Um, no.  For an international flight?  Not plenty of time.

"Is it a direct flight to Mexico, Tom?  Or is it domestic for the first leg?"

"No, it's direct," he replied, not catching my meaning.

"Tom, I don't think you're allowing enough time," I suggested.

"No, I think it'll be okay.  It takes 35 minutes to get to the airport, 10 minutes for the shuttle [from off-site parking], I'm already checked in, I have TSA pre-check, so I should get through security quickly.  And I'm all packed.  I'll be fine."

Well, after years of travel, he is a good packer: unlike his son, he always remembers underwear and long pants.  But still, I was dubious.  I pointed out that his plan did not allow for any unexpected occurrence, like an accident creating traffic on the way, or the shuttle being delayed, or who knows what else.  But, the Father of Crush would not be ruffled. 

So, just before 7:00 this morning, he headed out the door.  I asked him if he remembered everything.


"You have your phone?"


"Your charger?"

"Yep, and my passport.  I'm good."

And he was off.

About 20 minutes later, I went upstairs to our bathroom.  What was sitting right on the counter, but his phone.  AAArrrrgh!  What to do?  What to do?

So, I used his phone to call the co-worker that he was traveling with.  "Ed!  Do you think I should try to run this to the airport for him?"

Ed pointed out he may be en route back home to get it, which would really create a problem.  On the other hand, he may not be...  He really hadn't allowed enough time for that.  And if he had realized his mistake right away, it seemed like he should already be back.

So, I arranged things with Ed.  When Ed found Tom at the airport, he would tell him that I would be waiting for him right outside the terminal with it.  He would have to leave the secured area and then go back through security again, but it seemed like the best plan.  *IF* I didn't pass him on the road.

Heading out of our town, I saw a white Dodge pickup truck, which is his car, driving in the opposite direction.  Did the driver of that truck seem a little frantic?  He was changing lanes -- was it to gain an advantage in speed?  I could turn around on the chance that it was indeed Tom heading back.  On the other hand, what if it wasn't?

I thought about it for a minute and called Ivy, still asleep and probably none too happy to be involved in this circus.  She said, "Dad just walked in."  It was him I had seen, and now I was well on my way to the airport with his phone.  Double-argh!

So, he took Ivy's phone with him so we could communicate and got back on the road.  We arranged an exit where I could pull over right on the exit ramp, we could do the phone hand-off, and he could jump right back onto the expressway.

We met, did the exchange, and as he pulled away I called to him, "Tom, forget the off-site parking!  Just do short-term!"  It would cost more, but it would be better than missing his flight.

At 8:15, I get a call from him.  He was mad.  He had tried short-term parking, and it was full.  He drove to long-term, and it was also full.  Now, after wasting 15 precious minutes, he was heading back to the off-site parking anyway.  "I knew I should have just listened to my gut and gone with the off-site parking in the first place!" he barked.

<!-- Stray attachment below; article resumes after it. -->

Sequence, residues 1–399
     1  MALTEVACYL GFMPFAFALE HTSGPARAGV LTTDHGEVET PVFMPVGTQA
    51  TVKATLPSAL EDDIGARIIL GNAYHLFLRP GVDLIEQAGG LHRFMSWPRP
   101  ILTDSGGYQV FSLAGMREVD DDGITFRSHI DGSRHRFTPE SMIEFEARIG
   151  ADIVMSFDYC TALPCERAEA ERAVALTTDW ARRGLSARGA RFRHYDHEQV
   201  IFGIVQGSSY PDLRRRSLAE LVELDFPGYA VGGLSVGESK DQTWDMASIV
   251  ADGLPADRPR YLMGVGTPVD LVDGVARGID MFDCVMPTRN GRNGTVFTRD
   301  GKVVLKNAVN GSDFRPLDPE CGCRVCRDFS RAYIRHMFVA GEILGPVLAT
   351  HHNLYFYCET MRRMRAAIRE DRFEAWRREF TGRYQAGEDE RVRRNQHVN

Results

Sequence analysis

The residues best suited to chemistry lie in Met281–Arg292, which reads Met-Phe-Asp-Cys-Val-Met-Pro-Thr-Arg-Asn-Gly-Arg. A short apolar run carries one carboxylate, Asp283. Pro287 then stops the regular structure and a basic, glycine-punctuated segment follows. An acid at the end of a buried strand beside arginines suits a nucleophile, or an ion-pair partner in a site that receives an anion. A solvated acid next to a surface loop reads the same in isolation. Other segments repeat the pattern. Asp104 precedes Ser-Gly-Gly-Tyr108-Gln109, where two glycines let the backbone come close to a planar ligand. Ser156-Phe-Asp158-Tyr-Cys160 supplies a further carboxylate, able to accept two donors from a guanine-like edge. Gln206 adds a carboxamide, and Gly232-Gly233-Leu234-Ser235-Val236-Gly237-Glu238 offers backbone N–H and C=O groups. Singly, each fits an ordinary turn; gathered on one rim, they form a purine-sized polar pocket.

The implication was clear, and I didn't appreciate it.  He was going to miss his flight, and it was all my fault.  Next time I will limit my heroics to making sure he has underwear.

The end of the story is that, miracle of miracles, he made the flight.  He was even upgraded to first class. 

"I wasn't worried," he said.  He is the Father of Crush.

Monday, March 5, 2018

Cowabunga, Dude!

For You formed my inward parts;You wove me in my mother’s womb.I will give thanks to You, for I am fearfully and wonderfully made;Wonderful are Your works,And my soul knows it very well.

Psalm 139:13-14  NASB

Reed.  My precious, wonderful, creative, kindhearted son Reed.  He and Dom are off to Colorado for a week of skiing.

Remember Crush, the sea turtle from Finding Nemo?  That's my Reed, except he isn't really a surfer.  He just has that cowabunga, hang loose, no stress attitude.  The same hang loose attitude that allows him to walk into the house from the car -- through the snow and over the ice -- in bare feet.

Past experience told me that his version of packing would be to bring his dirty laundry home.  Not an unreasonable line of thinking.  After all, it should include all his favorite things to wear.  He surprised me this time though in having only two small loads of laundry.  He said his clean clothes were in a suitcase in his car.  I was definitely impressed.  Even surfer dudes grow up, eh?

So, yesterday, just an hour or so before they were supposed to leave for the airport he brought in the suitcase of clean clothes and unzipped it on the living room floor.  Honestly, it looked like he had taken a snow shovel to the floor of his bedroom and dumped all the clothes into the suitcase.  Either that, or he had been sleeping with the clothes for about a month.  There was a bed sheet in the mix.  I expressed my surprise and said, "Buddy, I think these all needed to be washed."

He said, "No, Mom, I'm fairly certain most of these are all clean."  And he proceeded to pick each item up one by one and smell it.  Including the underwear.

"Oh, buddy!  That's gross!"

He laughed.  "Only if you think about it, Mom."

So he picked out a few things that did need a wash and left the rest, confident that he had everything he needed for the trip.  I rushed dirty items into the washer and came back to fold and organize what was left in the suitcase.